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At The Course - 5 of 5
Once saddled the horse is led into the parade ring itself, generally horses start arriving in the parade ring about 20 mins before the scheduled start time of the race. Most horses are in the parade ring 10-15 mins before the race. There are some occasions when a horse doesn’t parade, usually when a horse is highly strung, however even if a horse doesn’t actually parade in the ring it must pass through the ring.
The parade ring is the chance for punters to inspect the horses prior to the race. The ability to judge a horse in the paddock can greatly enhance your chances of finding a winner.
The key things to look for are the horses general condition. It should have a shiny coat. You should be able to see the horses ribs, if you can’t it’s possibly overweight and said to be carrying condition. The horse should have a strong rear end with the muscles clearly visible. Negative signs are horses being on their toes, i.e. pulling away from their groom and bouncing about. If it isn’t a particularly hot day and a horse is sweating a lot, especially between the hind legs or under the saddle then be wary. Be wary also if the horse is making a lot of noise or whinnying, especially with younger horses.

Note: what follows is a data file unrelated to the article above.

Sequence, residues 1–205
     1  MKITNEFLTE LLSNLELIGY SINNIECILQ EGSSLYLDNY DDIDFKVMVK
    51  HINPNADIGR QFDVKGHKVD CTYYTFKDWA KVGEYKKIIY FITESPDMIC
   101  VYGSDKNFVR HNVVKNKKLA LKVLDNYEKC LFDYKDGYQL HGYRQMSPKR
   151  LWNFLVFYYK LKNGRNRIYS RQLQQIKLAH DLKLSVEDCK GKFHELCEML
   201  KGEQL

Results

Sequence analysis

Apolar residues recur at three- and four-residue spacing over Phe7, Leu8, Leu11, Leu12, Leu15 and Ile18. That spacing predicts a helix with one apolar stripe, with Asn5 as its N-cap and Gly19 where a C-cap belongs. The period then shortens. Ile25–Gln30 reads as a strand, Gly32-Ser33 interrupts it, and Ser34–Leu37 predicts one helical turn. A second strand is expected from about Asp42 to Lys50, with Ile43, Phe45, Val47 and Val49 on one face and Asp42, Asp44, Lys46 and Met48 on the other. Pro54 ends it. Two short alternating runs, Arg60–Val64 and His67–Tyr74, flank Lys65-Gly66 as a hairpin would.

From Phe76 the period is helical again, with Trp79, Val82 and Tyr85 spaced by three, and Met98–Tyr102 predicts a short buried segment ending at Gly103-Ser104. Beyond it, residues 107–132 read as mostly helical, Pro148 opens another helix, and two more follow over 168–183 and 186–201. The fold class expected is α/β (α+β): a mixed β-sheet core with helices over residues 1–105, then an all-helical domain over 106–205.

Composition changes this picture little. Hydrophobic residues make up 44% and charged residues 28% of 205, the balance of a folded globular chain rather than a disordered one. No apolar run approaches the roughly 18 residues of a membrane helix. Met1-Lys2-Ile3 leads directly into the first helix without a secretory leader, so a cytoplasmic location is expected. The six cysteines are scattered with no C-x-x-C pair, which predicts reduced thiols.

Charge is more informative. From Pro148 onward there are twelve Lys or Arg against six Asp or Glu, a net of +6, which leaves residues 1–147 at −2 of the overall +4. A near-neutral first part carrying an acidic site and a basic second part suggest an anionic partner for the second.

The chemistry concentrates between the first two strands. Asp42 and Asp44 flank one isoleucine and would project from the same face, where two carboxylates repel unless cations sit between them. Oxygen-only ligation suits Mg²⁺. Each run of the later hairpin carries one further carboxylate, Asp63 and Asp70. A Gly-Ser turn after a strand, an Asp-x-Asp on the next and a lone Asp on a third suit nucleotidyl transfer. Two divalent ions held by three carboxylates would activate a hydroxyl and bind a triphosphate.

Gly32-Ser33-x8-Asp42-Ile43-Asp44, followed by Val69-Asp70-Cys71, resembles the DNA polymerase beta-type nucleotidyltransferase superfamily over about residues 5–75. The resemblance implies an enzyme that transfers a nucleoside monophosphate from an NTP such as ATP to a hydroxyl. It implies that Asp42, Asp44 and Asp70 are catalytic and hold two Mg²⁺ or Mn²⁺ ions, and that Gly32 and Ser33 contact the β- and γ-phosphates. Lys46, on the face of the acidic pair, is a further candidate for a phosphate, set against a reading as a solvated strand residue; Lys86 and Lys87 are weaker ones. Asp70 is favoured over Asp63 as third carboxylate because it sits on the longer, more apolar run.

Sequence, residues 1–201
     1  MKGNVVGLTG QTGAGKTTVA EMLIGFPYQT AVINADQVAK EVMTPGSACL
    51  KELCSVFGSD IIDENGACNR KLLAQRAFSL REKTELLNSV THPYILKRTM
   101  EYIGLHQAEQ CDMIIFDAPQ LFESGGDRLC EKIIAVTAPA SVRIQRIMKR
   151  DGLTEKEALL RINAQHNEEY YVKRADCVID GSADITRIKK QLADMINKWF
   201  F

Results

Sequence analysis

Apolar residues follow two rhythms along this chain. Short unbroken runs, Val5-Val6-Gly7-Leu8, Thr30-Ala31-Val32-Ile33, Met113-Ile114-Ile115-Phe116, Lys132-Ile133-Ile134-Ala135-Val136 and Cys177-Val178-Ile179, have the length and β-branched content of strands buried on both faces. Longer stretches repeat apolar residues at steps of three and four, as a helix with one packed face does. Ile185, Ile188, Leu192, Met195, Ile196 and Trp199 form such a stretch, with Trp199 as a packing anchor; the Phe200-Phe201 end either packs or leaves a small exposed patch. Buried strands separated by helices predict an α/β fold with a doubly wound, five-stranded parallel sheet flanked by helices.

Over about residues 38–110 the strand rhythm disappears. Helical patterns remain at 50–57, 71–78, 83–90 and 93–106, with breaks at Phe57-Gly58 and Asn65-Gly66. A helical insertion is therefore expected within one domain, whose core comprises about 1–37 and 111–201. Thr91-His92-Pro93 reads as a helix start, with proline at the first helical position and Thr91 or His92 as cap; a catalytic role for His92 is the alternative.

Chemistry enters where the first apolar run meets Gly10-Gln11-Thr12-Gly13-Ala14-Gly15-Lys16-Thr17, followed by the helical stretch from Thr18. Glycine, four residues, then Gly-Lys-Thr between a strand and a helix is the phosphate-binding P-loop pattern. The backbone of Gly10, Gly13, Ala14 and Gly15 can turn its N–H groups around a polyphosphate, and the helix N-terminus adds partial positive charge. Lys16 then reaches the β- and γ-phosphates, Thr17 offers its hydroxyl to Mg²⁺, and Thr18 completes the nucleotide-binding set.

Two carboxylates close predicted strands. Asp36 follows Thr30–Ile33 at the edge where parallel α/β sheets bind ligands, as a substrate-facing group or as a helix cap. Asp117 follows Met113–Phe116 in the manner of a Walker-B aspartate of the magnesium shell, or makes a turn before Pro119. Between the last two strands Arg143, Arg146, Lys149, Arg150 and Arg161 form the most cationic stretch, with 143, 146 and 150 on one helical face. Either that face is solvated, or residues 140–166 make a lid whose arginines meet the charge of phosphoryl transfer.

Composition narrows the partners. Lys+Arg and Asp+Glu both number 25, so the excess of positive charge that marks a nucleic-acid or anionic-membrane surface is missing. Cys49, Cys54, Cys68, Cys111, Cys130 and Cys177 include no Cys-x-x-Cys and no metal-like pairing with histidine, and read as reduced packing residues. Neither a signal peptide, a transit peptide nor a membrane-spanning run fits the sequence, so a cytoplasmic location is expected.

About five minutes before the horses are due to leave the paddock the jockeys will come out to the parade ring and meet with connections of the horse. Connections are generally the owner(s) and the trainer and at this point jockeys will receive any last minute riding instructions.
Eventually there will either be an announcement over the public address saying ‘jockeys please mount’ or a bell will ring in the parade ring. When this happens the jockeys will get onboard their horses and after another circuit or two of the parade ring they will start making their way onto the racecourse itself.
Now is the time to place your bet.